Given the maturing U.S. investment management market, and the equity market declines of the past 3 years, senior managers have now put finding ways to achieve growth at the top of their agenda. The survey revealed that the average firm’s assets under management declined 9 percent in 2002, following a decline of 1 percent in the prior year. The range of growth for the surveyed firms spanned from a high of 39 percent growth to a decline of 51 percent. The most


successful firms understand that, in the future, organic growth in most U.S. markets will continue to be modest. As a result, they are focusing on growing through three alternative levers: Leverage core strengths. The most successful firms continuously leverage their core strengths and aggressively extend into new markets and products that will augment growth and profitability. For example, over the past few years, many successful institutional firms have focused on the sub-advisory market, achieving double-digit growth rates. Many of these winners have also launched products that satisfied investors’ current needs, such as high-yield bond funds. However, careful assessment of new growth opportunities is critical, not only to drive growth, but also to maintain and enhance profitability, as the evidence shows that dabbling is a major drag on profits (Exhibit 6).

Improve sales skills to steal share. There is little doubt that institutional and retail clients are continuing to become more sophisticated, and are demanding new and improved sales and service capabilities from their asset managers. On the institutional side, leading firms are discovering ways to provide better service across DB and DC plans, by segmenting their servicing and client relation-


ship management approaches, improving reporting, broadening their participant servicing and education, and other steps. In retail, the bar for distinctive wholesaling is rising, as is the cost, due to a number of factors. These include the proliferation of new products, such as 529s and separate account wraps, and the addition of new channels for many of these products, such as independent broker dealers, coupled with rising advisor expectations for service. Advisory firms and their advisors want investment solutions linked to holistic advice, not “the product of the day.” The most successful asset management firms view these changing client preferences as a real opportunity to distinguish their sales forces, and steal share from competitors. They are actively transforming their sales forces and practices for distinctiveness. An important prerequisite to this transformation is first identifying the underlying drivers of strong or weak sales performance. And, a critical first step in that process is gaining an understanding of current sales performance by product, within each client segment (Exhibit 7).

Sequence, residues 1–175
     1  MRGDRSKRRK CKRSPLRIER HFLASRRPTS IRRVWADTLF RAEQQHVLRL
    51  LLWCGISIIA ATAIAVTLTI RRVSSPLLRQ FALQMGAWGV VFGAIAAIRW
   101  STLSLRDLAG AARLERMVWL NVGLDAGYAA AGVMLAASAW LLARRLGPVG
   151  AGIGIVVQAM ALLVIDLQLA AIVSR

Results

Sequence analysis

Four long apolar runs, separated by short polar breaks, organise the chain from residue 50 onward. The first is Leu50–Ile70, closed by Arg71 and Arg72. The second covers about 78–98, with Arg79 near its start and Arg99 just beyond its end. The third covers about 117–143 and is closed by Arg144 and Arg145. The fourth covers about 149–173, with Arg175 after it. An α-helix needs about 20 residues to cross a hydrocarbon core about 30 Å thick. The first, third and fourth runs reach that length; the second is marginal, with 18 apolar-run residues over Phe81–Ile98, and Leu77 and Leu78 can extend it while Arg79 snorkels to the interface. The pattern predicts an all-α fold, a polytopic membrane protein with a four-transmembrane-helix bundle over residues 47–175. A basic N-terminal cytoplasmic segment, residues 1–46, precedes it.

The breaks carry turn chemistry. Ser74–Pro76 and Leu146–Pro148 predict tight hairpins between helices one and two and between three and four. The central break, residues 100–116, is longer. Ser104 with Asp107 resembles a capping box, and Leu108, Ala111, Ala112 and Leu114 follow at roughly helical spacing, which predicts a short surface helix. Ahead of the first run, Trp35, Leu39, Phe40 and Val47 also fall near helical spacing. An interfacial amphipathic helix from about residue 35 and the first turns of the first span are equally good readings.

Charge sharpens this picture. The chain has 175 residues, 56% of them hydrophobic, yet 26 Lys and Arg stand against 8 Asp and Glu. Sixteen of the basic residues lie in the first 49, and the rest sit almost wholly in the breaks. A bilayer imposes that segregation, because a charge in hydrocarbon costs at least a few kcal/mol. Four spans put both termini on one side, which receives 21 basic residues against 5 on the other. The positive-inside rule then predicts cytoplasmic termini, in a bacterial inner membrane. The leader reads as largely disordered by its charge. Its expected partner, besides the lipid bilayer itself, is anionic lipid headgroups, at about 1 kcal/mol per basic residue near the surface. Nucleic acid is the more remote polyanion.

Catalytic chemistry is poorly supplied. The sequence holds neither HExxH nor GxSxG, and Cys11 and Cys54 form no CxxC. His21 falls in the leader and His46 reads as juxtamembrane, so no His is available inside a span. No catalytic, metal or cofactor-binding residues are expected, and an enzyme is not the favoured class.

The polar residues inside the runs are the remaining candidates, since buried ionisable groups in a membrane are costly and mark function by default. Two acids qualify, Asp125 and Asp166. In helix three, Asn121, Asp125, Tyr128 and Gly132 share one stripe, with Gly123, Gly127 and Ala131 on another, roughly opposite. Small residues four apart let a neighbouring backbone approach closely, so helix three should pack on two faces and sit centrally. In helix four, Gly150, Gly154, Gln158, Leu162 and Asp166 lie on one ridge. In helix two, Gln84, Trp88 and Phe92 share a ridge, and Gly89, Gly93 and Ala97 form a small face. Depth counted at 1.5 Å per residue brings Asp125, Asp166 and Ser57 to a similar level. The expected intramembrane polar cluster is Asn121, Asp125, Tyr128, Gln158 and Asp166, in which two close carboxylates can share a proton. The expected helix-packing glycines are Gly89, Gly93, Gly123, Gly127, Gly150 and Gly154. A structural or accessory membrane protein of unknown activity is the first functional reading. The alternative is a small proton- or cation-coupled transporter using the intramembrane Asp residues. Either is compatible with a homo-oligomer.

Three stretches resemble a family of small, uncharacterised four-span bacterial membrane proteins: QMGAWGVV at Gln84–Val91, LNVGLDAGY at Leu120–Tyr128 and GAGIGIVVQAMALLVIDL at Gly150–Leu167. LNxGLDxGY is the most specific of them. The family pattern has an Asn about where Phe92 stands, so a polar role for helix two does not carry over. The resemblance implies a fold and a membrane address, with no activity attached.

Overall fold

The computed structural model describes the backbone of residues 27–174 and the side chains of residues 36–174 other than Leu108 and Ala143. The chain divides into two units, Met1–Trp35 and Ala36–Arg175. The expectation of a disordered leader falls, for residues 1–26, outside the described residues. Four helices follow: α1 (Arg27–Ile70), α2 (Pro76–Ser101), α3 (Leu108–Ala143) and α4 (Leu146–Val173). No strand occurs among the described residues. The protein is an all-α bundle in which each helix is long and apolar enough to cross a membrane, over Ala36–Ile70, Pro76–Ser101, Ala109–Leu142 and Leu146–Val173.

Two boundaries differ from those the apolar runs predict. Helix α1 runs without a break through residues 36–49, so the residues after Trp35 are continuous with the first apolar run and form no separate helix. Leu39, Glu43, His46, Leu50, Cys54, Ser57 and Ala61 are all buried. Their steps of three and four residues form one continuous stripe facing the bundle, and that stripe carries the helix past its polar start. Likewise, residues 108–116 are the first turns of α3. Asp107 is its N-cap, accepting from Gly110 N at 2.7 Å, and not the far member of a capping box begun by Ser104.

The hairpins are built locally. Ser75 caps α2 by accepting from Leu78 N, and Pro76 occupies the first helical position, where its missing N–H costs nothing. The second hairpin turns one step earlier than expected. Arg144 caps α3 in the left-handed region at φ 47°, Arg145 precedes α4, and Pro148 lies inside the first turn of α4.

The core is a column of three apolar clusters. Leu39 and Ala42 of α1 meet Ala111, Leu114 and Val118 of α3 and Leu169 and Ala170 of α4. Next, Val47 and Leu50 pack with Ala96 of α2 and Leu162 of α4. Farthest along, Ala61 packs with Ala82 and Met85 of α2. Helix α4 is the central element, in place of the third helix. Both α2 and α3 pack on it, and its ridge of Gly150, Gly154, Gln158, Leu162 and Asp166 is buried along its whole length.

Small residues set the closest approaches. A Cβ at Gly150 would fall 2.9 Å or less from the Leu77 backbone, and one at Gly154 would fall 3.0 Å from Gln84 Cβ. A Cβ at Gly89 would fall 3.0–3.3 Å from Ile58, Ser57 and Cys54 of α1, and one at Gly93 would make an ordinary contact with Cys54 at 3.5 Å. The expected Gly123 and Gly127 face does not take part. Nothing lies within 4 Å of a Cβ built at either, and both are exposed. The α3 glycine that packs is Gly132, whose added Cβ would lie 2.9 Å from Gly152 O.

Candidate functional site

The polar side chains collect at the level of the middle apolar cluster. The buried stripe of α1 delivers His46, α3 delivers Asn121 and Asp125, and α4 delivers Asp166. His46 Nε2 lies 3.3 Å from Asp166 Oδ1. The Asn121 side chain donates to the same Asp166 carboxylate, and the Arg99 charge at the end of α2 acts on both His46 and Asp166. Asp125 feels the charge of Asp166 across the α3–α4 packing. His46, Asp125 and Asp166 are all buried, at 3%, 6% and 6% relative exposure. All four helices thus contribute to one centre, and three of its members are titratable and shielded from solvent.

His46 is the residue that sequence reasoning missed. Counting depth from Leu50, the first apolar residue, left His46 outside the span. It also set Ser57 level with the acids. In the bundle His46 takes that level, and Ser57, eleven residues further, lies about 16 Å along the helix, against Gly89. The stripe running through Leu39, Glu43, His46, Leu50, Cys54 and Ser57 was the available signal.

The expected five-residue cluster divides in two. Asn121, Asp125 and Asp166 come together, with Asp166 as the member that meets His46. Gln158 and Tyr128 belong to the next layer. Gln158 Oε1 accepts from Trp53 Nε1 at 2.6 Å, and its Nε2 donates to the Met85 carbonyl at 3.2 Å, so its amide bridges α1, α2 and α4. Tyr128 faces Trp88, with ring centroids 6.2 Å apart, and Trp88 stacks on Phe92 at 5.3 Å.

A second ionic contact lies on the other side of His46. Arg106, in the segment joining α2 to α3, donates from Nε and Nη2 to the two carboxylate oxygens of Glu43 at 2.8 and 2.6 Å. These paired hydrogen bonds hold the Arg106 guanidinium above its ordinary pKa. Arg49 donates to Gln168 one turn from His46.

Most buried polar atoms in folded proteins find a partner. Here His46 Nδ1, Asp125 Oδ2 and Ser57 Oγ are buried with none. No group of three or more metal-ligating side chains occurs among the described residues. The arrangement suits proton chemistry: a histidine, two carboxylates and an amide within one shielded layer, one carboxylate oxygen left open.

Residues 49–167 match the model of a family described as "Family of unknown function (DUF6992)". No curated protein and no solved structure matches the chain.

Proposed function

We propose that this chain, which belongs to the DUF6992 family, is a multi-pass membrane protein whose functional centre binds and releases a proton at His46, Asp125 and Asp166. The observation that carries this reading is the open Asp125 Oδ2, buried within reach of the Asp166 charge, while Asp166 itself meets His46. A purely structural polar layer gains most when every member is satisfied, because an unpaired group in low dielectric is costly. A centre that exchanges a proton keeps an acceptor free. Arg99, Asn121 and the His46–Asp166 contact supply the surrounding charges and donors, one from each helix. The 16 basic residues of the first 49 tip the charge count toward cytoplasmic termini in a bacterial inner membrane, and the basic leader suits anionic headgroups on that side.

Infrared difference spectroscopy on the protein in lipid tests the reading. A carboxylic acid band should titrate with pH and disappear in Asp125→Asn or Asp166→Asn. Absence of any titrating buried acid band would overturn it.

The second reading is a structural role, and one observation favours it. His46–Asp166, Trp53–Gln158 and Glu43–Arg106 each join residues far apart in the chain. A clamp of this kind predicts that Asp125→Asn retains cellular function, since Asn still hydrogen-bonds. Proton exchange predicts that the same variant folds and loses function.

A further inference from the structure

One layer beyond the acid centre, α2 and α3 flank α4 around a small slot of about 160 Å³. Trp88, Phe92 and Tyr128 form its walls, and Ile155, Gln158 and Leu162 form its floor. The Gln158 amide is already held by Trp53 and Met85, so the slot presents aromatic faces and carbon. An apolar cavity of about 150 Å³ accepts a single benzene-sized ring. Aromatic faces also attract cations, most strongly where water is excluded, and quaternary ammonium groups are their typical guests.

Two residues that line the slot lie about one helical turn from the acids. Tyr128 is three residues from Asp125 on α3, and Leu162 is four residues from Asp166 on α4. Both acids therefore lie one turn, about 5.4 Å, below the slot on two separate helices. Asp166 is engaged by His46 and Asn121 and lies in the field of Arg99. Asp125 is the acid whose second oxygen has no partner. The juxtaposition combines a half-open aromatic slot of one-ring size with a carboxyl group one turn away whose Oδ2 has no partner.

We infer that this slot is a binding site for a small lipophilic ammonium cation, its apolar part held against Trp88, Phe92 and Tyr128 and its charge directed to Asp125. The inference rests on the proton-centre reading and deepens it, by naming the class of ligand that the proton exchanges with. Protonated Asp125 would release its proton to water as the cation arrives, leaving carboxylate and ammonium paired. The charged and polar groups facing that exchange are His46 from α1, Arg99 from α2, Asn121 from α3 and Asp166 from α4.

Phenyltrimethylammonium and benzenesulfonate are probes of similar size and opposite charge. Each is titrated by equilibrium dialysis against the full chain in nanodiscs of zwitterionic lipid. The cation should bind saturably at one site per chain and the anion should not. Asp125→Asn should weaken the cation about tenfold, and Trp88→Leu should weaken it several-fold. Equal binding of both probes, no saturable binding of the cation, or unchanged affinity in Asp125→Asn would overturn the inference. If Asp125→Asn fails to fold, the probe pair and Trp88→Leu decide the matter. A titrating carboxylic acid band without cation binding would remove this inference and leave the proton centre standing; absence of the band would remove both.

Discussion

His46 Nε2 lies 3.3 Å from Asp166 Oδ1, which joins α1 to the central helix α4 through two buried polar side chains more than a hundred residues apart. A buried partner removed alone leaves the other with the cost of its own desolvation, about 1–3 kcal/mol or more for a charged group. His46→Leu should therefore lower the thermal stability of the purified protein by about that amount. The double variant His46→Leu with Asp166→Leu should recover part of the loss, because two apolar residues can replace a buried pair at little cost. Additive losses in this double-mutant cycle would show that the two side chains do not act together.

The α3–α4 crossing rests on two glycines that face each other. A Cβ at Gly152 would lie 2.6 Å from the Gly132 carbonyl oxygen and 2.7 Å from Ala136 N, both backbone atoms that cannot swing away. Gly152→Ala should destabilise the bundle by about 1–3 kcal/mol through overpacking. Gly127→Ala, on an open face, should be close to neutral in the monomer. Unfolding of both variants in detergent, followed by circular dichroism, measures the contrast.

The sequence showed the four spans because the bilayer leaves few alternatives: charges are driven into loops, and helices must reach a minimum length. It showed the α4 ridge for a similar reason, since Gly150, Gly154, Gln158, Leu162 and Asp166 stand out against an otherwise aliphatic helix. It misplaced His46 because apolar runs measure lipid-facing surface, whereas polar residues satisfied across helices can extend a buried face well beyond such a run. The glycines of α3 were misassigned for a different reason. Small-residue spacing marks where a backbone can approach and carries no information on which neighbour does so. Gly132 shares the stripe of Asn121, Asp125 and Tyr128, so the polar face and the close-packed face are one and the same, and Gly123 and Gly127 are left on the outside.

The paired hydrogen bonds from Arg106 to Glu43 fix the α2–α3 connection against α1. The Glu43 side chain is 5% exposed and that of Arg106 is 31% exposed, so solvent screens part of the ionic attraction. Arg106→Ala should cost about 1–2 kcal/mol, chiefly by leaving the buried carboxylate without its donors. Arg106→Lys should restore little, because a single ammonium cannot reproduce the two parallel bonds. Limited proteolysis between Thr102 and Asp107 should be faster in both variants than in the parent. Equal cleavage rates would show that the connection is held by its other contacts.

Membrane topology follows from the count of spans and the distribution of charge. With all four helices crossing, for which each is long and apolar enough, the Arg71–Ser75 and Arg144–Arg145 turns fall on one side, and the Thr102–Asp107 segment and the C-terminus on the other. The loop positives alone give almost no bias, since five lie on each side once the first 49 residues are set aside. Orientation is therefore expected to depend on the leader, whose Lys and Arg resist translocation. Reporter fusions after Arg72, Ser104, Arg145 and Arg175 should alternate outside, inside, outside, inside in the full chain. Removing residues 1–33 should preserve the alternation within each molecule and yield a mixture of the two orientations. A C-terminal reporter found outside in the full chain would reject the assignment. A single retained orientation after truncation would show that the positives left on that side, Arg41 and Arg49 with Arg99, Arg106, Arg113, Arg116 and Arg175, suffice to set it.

Focus on existing asset base to boost retention. Many in the industry have long believed that investment performance is the only thing that influences retention. While it is clearly a major driver, our survey reveals that there are other important levers that can have real impact on reducing outflows. For example, firms that invest in client servicing also realized substantially lower outflow levels (Exhibit 8). In addition to investing wisely in client servicing, firms with strong retention also pay their sales people (at least in part) on net sales rather than purely gross sales, and have a deliberate retention management approach tailored to each client segment.

As we have discussed, many firms appear to have given up hope, for the foreseeable future, of achieving profit margins that were common in the last decade (i.e., in the mid-40 percent range). While our belief is that such profit levels will no longer be the industry average, we believe that this level of prof-


itability, and even higher, is achievable for the best-run firms. The most profitable firms will be those that excel at seven major revenue and cost levers: Revenue yield and pricing. Average revenue yield for a firm is driven by two primary factors – product mix and relative pricing levels within those products. In terms of product mix, those firms with a focus on the higher-yielding asset classes will naturally achieve higher average revenue yield. However, despite common perceptions that pricing is dictated by the market, we found there is substantial variability in realized pricing levels in the same asset class, client segment, and average mandate size (Exhibit 9).